favor of Mentor's application and a 5-4 vote against a similar
proposal from Inamed, which apparently narrowly failed to satisfy
lingering concerns about how often its implants break and leak.
"All of these allegations are old news," said a statement from Josh
Levine, Mentor's president and chief executive. He said the two
depositions were taken as part of a lawsuit that, "after a thorough
review by the court," was dismissed on summary judgment.
"FDA conducted an investigation (from 1998 to 2002) that we believe
included these allegations, and closed the file with no action taken,"
"Further, FDA conducts regular audits of our facilities, the most
recent of which was in February and included a review of our clinical
studies and the complaint handling process. FDA reported no issues or
"The fact that this old case continues to reappear is strong evidence
that the groups opposed to the approval of these products will stop at
nothing to mislead or distract thoughtful people away from the science
that supports approval of these products," said Mr. Levine.
Chris Fawzy, Mentor's general counsel, says he believes it was the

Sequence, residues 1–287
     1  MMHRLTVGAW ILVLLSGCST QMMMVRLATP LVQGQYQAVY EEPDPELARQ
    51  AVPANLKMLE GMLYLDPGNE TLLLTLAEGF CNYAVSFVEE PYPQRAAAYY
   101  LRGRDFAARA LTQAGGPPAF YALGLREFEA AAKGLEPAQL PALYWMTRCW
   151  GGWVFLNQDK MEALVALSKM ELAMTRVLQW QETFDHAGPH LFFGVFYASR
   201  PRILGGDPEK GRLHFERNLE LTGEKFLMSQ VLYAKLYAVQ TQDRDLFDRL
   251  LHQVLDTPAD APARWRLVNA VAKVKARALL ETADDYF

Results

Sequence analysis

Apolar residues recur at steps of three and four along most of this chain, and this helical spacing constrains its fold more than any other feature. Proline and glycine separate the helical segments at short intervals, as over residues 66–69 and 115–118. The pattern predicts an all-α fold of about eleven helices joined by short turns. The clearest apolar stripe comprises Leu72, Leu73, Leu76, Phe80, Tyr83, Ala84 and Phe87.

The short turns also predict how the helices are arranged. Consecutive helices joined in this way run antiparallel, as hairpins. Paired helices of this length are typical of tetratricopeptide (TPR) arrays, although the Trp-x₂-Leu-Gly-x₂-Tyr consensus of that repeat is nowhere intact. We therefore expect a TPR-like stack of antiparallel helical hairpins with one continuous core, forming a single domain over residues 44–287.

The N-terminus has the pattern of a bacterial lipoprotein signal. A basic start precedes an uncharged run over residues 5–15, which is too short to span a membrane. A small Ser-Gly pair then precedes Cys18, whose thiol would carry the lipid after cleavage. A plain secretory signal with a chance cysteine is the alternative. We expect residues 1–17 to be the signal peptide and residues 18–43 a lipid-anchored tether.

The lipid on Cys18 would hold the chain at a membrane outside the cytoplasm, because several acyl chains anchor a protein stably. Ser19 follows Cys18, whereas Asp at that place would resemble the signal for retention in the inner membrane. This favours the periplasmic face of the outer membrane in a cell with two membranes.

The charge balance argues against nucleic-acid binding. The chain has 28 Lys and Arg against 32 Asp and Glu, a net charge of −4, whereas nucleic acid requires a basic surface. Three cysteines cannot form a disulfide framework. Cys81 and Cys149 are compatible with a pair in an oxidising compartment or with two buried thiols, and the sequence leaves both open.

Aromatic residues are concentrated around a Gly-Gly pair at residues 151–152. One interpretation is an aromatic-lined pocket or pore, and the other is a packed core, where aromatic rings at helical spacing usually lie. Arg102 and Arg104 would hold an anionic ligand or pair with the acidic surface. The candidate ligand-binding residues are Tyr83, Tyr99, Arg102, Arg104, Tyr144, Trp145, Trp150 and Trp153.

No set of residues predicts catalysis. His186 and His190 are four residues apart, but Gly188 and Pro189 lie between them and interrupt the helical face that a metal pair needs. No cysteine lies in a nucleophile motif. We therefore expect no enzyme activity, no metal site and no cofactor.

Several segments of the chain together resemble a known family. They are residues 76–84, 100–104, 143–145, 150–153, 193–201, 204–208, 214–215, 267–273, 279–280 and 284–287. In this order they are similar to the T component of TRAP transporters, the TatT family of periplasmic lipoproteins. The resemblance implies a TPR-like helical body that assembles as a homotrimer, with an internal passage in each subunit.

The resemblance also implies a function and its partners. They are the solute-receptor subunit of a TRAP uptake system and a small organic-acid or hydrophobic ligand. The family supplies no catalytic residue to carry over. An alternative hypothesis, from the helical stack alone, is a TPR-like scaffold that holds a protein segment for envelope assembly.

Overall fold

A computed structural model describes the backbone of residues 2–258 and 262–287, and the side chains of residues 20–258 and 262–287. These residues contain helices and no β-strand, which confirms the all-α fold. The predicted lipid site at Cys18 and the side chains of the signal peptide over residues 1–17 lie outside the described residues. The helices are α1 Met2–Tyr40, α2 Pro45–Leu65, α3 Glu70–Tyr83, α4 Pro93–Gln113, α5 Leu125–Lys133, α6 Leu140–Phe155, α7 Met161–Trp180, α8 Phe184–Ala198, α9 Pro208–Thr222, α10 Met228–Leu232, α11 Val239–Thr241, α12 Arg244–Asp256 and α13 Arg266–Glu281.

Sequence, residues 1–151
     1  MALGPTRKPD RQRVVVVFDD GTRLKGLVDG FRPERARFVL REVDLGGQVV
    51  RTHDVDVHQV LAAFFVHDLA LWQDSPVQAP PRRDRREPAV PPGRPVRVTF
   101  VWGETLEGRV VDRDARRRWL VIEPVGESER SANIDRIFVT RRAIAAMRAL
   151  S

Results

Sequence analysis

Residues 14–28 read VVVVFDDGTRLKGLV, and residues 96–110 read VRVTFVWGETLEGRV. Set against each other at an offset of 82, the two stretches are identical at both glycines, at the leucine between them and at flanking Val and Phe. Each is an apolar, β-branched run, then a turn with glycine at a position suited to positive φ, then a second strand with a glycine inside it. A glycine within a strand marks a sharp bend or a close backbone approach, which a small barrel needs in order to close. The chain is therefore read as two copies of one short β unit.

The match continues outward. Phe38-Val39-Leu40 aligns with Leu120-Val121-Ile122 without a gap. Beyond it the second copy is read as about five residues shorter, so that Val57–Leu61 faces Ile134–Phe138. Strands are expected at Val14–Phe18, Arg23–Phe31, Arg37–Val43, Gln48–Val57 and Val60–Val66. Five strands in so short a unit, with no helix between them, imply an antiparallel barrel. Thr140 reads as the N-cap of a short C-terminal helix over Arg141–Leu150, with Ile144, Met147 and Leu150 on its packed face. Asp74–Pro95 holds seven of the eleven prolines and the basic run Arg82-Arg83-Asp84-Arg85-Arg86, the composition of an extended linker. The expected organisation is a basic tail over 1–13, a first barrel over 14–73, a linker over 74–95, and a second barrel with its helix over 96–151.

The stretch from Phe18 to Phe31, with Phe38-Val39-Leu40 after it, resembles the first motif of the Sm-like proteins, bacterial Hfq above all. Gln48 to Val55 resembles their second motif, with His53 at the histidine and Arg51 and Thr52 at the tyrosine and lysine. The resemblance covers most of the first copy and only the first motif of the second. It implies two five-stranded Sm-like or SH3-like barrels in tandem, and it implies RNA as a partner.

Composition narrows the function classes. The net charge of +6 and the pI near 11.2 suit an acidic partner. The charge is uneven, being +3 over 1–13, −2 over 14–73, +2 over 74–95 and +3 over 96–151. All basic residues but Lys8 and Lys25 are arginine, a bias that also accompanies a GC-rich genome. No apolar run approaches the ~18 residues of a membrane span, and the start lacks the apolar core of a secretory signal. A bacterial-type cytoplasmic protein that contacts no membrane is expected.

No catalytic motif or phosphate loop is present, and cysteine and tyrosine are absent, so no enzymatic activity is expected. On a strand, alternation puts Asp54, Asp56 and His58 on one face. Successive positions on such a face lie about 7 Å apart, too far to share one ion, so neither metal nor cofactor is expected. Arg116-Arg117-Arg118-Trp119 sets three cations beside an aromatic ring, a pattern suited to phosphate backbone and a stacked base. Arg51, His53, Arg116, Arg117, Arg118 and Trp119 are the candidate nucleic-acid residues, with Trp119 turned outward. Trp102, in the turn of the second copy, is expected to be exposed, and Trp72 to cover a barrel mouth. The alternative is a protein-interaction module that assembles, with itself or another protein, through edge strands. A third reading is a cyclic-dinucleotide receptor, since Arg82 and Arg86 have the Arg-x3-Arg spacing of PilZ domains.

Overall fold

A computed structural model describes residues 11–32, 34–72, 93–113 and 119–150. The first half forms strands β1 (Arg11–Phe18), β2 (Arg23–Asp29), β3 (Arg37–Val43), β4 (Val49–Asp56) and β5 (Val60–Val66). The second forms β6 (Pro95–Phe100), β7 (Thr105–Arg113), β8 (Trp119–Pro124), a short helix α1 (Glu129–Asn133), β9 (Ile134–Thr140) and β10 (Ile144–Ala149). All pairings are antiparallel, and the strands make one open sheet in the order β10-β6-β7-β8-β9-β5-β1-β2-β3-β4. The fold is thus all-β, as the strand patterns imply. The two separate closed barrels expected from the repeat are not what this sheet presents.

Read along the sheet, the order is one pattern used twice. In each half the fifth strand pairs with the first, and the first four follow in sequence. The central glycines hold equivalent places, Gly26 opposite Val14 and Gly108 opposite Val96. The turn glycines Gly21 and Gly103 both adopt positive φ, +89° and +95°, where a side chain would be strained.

intention of these former employees to try to damage the company's
credibility for their own reasons.
However, he said two independent arms of government -- first the
court, then the FDA -- have examined and dismissed the allegations.
It's therefore reasonable, he said, to conclude there is no truth or
foundation to the claims.
Peter Nicholson, vice president of corporate development, said Mentor
itself also investigated the allegations, as it does in any such
He criticized the emergence of these claims "out of the blue" two
years after they were included in a Greene County, Mo., lawsuit and
called it a "quantum leap" to try linking this to the company's
current FDA application.
He said the FDA had "thoroughly investigated" the allegations when
they were first made and closed the case saying there were no grounds
for action; then, and during the recent advisory panel hearing, there
was no question regarding the credibility of Mentor's data, said Mr.
Kathleen Quinn, director of media relations at the FDA, confirmed that
the agency was aware of the allegations at the time of the recent
advisory panel hearings. "Mentor's application is still before the
agency, therefore we cannot discuss any further," she added.
Drawing a bead on those who have used these allegations to renew
debate over the accuracy of Mentor's research findings, Mr. Nicholson